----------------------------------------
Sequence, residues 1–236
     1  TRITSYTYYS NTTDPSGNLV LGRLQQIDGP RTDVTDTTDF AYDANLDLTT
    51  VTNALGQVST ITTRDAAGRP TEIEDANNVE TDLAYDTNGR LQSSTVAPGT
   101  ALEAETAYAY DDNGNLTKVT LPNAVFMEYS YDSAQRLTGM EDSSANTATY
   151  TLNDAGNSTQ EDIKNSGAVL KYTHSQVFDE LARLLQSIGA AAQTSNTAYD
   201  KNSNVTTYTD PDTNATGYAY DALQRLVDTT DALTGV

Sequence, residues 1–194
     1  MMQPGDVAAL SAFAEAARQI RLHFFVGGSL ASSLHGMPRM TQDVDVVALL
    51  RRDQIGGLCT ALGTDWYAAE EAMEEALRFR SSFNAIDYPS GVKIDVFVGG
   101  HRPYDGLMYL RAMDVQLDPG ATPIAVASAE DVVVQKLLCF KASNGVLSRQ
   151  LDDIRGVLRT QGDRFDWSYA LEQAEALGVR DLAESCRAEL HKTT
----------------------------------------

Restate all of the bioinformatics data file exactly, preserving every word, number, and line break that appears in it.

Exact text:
Sequence, residues 1–236
     1  TRITSYTYYS NTTDPSGNLV LGRLQQIDGP RTDVTDTTDF AYDANLDLTT
    51  VTNALGQVST ITTRDAAGRP TEIEDANNVE TDLAYDTNGR LQSSTVAPGT
   101  ALEAETAYAY DDNGNLTKVT LPNAVFMEYS YDSAQRLTGM EDSSANTATY
   151  TLNDAGNSTQ EDIKNSGAVL KYTHSQVFDE LARLLQSIGA AAQTSNTAYD
   201  KNSNVTTYTD PDTNATGYAY DALQRLVDTT DALTGV

Sequence, residues 1–194
     1  MMQPGDVAAL SAFAEAARQI RLHFFVGGSL ASSLHGMPRM TQDVDVVALL
    51  RRDQIGGLCT ALGTDWYAAE EAMEEALRFR SSFNAIDYPS GVKIDVFVGG
   101  HRPYDGLMYL RAMDVQLDPG ATPIAVASAE DVVVQKLLCF KASNGVLSRQ
   151  LDDIRGVLRT QGDRFDWSYA LEQAEALGVR DLAESCRAEL HKTT